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Ocean waves across the Arctic: Attenuation due to dissipation dominates over scattering for periods longer than 19 s

Abstract : The poorly understood attenuation of surface waves in sea ice is generally attributed to the combination of scattering and dissipation. Scattering and dissipation have very different effects on the directional and temporal distribution of wave energy, making it possible to better understand their relative importance by analysis of swell directional spreading and arrival times. Here we compare results of a spectral wave model—using adjustable scattering and dissipation attenuation formulations—with wave measurements far inside the ice pack. In this case, scattering plays a negligible role in the attenuation of long swells. Specifically, scattering-dominated attenuation would produce directional wave spectra much broader than the ones recorded, and swell events arriving later and lasting much longer than observed. Details of the dissipation process remain uncertain. Average dissipation rates are consistent with creep effects but are 12 times those expected for a laminar boundary layer under a smooth solid ice plate.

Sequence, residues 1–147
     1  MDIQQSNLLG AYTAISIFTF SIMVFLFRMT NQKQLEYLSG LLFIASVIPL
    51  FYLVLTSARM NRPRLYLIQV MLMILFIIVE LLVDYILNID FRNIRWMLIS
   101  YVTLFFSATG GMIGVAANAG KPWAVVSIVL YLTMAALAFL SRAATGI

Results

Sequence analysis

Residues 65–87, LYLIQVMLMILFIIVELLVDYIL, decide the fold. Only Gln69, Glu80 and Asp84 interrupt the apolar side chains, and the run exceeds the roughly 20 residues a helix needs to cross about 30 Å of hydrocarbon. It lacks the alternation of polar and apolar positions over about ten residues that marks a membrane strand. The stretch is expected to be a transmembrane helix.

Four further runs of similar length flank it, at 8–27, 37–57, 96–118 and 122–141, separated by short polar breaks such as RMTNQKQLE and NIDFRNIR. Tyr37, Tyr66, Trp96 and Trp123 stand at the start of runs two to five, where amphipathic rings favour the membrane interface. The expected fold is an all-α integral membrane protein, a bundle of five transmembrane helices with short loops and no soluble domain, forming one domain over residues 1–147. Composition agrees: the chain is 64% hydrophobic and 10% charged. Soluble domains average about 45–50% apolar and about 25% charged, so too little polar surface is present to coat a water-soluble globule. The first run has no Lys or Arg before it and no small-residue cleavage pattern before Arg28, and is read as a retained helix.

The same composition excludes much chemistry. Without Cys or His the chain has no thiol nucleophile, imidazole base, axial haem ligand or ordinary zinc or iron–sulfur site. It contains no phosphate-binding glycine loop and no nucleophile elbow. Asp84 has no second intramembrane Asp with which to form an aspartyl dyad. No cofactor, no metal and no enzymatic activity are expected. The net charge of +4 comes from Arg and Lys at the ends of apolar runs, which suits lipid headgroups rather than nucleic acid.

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Submitted on : Tuesday, May 31, 2022 - 3:00:31 PM
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Fabrice Ardhuin, Peter Sutherland, Martin Doble, Peter Wadhams. Ocean waves across the Arctic: Attenuation due to dissipation dominates over scattering for periods longer than 19 s. Geophysical Research Letters, 2016, 43, pp.5775-5783. ⟨10.1002/2016GL068204⟩. ⟨insu-03682703⟩

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